When I met Vader I was extremely confused. I evaluated him before committing to taking him into our rescue. The dog I met in the evaluation was smart, trainable, workable, so why had the family been told that other than going to rescue his only option was euthanasia? I made the decision to take him on, expecting that with more intense training in the home with me, medication reevaluation with our veterinarian, and tons of exercise and enrichment he could be a dog that simply needed the perfect unicorn match family that had no kids and wanted a high drive dog to work with every day, all day. He began his training and evaluation period in my home, which for a dog like Vader typically is 3 months long. At the end of that period I have a sense of whether the dog can become adoptable, if they are best suited to be a permanent resident, or if I still need more time to decide.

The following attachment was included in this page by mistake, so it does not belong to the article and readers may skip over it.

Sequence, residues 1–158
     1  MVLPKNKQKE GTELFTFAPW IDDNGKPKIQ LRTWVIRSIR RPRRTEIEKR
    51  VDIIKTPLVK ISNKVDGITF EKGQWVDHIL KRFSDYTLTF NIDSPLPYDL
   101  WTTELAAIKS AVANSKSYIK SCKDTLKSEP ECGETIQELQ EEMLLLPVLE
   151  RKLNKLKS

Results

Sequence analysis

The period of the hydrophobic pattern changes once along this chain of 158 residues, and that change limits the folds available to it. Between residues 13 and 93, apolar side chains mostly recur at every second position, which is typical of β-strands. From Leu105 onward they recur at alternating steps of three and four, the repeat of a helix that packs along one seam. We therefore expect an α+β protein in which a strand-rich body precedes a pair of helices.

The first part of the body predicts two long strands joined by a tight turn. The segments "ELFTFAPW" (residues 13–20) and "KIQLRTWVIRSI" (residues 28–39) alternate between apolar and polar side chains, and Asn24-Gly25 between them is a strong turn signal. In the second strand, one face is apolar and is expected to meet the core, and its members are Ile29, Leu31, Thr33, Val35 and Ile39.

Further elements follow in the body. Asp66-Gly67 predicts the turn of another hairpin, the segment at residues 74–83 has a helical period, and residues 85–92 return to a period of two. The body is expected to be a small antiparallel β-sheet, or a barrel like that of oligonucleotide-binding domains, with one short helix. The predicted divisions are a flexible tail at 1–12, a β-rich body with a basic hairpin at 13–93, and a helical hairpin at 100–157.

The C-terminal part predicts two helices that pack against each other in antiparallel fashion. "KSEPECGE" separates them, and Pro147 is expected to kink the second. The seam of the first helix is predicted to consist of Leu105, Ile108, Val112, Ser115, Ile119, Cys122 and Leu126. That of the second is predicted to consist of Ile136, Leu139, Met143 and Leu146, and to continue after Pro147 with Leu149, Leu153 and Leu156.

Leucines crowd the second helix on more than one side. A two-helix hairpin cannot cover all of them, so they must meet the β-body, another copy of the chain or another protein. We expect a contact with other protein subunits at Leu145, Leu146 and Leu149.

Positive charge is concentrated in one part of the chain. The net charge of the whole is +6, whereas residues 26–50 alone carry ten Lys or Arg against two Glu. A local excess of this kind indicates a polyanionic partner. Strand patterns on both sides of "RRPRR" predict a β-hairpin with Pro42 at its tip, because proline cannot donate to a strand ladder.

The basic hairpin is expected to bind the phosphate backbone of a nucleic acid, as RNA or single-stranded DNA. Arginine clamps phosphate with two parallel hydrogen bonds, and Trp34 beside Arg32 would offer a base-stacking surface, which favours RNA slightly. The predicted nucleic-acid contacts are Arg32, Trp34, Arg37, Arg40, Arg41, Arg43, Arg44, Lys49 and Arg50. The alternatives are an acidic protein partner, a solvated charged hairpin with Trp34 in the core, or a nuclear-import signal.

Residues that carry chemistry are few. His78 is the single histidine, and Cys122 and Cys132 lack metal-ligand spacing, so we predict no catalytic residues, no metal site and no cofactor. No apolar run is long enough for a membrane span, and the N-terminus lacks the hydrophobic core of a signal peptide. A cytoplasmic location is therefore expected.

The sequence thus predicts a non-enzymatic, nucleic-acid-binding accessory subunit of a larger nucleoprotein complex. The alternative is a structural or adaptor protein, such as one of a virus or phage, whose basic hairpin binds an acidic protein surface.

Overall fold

Vader did not make it to three months, I was only able to care for him for 2 1/2 months before we had to make the decision to euthanize him due to the extreme unpredictability and the intensity of his aggression. Even now as I write that I struggle with it because Vader was not a bad dog. In his element he was a joy, and I love him very, very much. He loved to swim, he didn’t even care if I threw a toy in for him, he would just go into the water and swim until he was exhausted. He was so excited about car rides and his ears would always flop in the breeze from the window. He loved fetch, but more than anything he loved his big, purple Jolly Egg and would chase it in the fields for hours if I let him. He was smart and learned new commands in one training session, always retaining anything I taught him between sessions. He was also a moron in the most lovable way, one day deciding his new toy would be the speed limit sign he found on a walk. Unfortunately what I came to understand about him as he lived with me is that he also existed in a state of panic most of his day. He was not simply an energetic dog, he was born an unstable dog with high energy, and those are very different things.